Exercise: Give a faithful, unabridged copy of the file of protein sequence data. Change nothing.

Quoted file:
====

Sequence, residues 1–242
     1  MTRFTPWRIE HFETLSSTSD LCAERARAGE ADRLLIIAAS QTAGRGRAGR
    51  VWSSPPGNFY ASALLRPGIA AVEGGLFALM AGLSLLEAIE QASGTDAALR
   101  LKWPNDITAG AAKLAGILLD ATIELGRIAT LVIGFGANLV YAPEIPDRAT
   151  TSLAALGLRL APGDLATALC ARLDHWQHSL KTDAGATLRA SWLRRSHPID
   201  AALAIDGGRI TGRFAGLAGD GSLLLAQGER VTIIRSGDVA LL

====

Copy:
Sequence, residues 1–242
     1  MTRFTPWRIE HFETLSSTSD LCAERARAGE ADRLLIIAAS QTAGRGRAGR
    51  VWSSPPGNFY ASALLRPGIA AVEGGLFALM AGLSLLEAIE QASGTDAALR
   101  LKWPNDITAG AAKLAGILLD ATIELGRIAT LVIGFGANLV YAPEIPDRAT
   151  TSLAALGLRL APGDLATALC ARLDHWQHSL KTDAGATLRA SWLRRSHPID
   201  AALAIDGGRI TGRFAGLAGD GSLLLAQGER VTIIRSGDVA LL